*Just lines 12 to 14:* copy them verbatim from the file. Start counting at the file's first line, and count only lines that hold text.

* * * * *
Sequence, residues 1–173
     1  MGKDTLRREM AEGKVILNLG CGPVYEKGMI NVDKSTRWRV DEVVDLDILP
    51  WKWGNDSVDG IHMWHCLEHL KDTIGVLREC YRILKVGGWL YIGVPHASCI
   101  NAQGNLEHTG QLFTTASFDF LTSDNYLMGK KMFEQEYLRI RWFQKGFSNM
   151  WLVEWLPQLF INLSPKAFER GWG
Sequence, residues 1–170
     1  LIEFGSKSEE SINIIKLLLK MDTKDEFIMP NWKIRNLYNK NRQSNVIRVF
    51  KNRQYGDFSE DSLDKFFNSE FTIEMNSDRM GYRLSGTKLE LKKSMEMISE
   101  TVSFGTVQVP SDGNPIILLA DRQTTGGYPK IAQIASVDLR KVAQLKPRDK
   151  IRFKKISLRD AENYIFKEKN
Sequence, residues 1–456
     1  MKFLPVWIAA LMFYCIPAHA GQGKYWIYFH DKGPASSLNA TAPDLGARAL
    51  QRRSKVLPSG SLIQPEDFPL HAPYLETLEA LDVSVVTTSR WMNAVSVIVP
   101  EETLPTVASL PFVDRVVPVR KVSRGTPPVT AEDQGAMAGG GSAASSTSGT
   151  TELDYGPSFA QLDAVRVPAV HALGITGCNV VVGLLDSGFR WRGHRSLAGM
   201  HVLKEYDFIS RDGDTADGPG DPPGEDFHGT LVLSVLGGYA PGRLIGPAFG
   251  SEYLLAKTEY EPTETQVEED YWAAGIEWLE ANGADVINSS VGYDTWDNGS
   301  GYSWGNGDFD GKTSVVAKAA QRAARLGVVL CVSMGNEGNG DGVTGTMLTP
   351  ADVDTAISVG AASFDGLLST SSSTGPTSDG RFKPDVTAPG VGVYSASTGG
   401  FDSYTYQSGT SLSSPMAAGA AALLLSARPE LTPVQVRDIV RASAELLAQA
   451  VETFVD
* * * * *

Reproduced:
     1  MKFLPVWIAA LMFYCIPAHA GQGKYWIYFH DKGPASSLNA TAPDLGARAL
    51  QRRSKVLPSG SLIQPEDFPL HAPYLETLEA LDVSVVTTSR WMNAVSVIVP
   101  EETLPTVASL PFVDRVVPVR KVSRGTPPVT AEDQGAMAGG GSAASSTSGT